Unmet Expectations: How to thrive instead of dive


Ever find yourself saying, or thinking that?  I have.   It happens when my expectations of others aren’t being met.  It happens when people forget that this is my world and they are just living in it.

The other night it happened.   With my four year old daughter.  She disobeyed and her punishment was to sit in time out and keep quiet.  This was going to work out well for me because I was trying to read a new book.  Quiet, even for a short spell, is a premium in my house.

But my daughter wasn’t on board with my world.  She got it in her head that it’s impossible for her to remain quiet and she wanted everyone to know.  Endless chants of, “But I don’t know how to be quiet!” over and over and over again took me over the edge.  For nearly two hours me and my four year old daughter battled it out.  No one was being quiet.  I eventually went to my room, shut the door and crashed on the bed.  I was upset, frustrated, angry.  The book I was wanting to read was not going to get touched that night.   Ironically, and this is no joke, this is the book:


Has this ever happened to you?  I’m sure it has.  It happens to all of us.  People and events will never live up to our expectations all of the time.  And when they don’t, when someone or something doesn’t live up to our expectations, we are presented with a golden opportunity.  

It is here, in this moment of unmet expectations, that we will either dive or thrive.  Think about it. Think about the times you most often act out in your compulsion of choice – sex, drugs, drink, food, porn, gossip, or any number of other things.  Is it not because someone or something did not live up to our expectations?  Is it not because someone or something has hurt our feelings and we now feel compelled to medicate the fact that the world is not revolving around us?

It happens all the time.  You spend all day planning and preparing dinner and your husband or kids don’t like it, or don’t say thank you.  You work hard on a presentation and nobody or not enough people tell you it was awesome.   You wake up in the morning and have a flat tire.  Your friends don’t invite you to a party.  Your boss looks you over for a promotion you thought you deserved.  Your kid won’t be quiet when you want to read.  And the list goes on…

Each of these can either shipwreck us or increase the strength of our sails.  When people or events do not live up to our expectations we can either turn to our compulsion of choice and therefore continue participating in our own death, or we can turn our attention to Someone else and participate in our own rescue.  It all depends on how we respond.  Consider these three responses by Jesus:

At the end of John’s gospel there is a fascinating exchange between Jesus and Peter.  Peter wants to know what will become of John, one of Jesus’ closest disciples.  Peter has some expectations about what should happen to himself and how that compares with the others.  “What about him?” Peter asks Jesus.   Jesus rebukes him on the spot and tells Peter not to concern himself with what others do or don’t do.   Jesus tells Peter to take his eyes off of others and follow him.  Fix your eyes on Jesus.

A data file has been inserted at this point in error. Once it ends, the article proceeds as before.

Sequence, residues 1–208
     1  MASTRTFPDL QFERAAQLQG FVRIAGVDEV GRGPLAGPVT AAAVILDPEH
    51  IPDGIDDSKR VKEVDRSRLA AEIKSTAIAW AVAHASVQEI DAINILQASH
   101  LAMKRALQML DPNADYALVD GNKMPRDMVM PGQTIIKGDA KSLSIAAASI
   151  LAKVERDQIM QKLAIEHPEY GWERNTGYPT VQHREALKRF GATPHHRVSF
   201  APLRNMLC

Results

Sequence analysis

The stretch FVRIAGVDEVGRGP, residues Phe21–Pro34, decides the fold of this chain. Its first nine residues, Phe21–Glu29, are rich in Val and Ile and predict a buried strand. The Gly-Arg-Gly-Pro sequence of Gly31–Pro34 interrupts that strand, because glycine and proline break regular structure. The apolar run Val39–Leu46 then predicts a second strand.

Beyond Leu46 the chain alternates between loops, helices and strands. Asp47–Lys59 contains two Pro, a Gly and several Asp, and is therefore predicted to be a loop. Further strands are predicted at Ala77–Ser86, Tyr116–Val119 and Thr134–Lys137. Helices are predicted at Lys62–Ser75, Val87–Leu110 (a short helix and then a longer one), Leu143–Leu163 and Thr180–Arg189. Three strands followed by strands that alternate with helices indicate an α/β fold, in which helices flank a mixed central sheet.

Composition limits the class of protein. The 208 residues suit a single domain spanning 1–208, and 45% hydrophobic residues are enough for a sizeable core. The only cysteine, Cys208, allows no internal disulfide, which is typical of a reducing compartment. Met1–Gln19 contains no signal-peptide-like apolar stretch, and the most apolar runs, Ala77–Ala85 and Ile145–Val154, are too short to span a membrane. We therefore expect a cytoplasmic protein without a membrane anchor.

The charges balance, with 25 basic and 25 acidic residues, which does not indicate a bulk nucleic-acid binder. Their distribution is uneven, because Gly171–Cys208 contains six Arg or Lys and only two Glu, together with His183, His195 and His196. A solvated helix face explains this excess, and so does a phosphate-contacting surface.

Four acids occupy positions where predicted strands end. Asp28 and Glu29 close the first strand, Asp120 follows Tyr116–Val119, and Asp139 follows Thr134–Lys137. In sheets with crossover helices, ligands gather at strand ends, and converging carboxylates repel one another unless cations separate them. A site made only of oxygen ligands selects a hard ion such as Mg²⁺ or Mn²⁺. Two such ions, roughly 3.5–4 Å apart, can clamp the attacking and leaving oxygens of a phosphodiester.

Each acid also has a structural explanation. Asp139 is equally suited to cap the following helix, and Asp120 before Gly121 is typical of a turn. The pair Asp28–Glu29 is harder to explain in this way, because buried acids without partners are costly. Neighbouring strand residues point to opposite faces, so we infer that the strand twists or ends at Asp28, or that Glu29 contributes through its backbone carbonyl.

In Matthew 18 an argument breaks out over who is the greatest in the kingdom of heaven.  Everyone has high expectations.  Everyone wants to be noticed.  Jesus cuts through it all by bringing  a child forward and teaching us that unless we humble ourselves we are nothing in the kingdom. 

In John 13, Jesus, who has high expectations of us all (be perfect, as your Father in heaven is perfect), showed the ultimate act of service by washing his disciples’ feet.  He did this even as he knew that one of them would betray him and one of them would deny him and all of them would abandon him.   Not one would live up to his expectations and yet he served them.  How?  Because he “knew that the Father had given him all things and that he had come from God and was going back to God” (John 13:3).

Jesus knew who he was following.  Not the crowd or his feelings about how they treated him.  Jesus had his eyes on his Father and the promise that was his if he remained faithful, he humbled himself and he served others, even those who failed him.

What if everyone’s  and everything’s failures to live up to our expectations were seen as opportunities to strengthen our faith and deepen the roots of our recovery?

I’m always amazed when I do as Jesus says and discover the grace and the peace that comes through obedience.  As I laid in my bed that night after the battle of expectations with my daughter I heard the Holy Spirit say to me that the times I am most frustrated with my children or with others are the times I am being the most selfish.  As I absorbed this truth I repented of my selfishness and how I had gotten my eyes off of Jesus and placed them on my expectations.  Suddenly peace invaded my entire being. It was the most natural thing in the world to then go and hold my daughter and apologize to her and tell her how much Daddy loves her and how sorry I am for being selfish.   In that moment she learned so much more about God and about living life than she would have ever learned in time out for one minute of silence.   And God’s word proved true, that if we would repent and turn again to Jesus, our sins will be blotted out and times of refreshing will come upon us from the Lord (Acts 3:19-20).

So the next time your expectations are not met be aware of the great opportunity before you.  The answer is not to cease having expectations, nor is it to necessarily lower our expectations of others (although that may be a healthy, and welcomed, thing for you to do).   The answer is to start living up to God’s expectations.  Fix your eyes on Jesus, humble yourself, and serve. 


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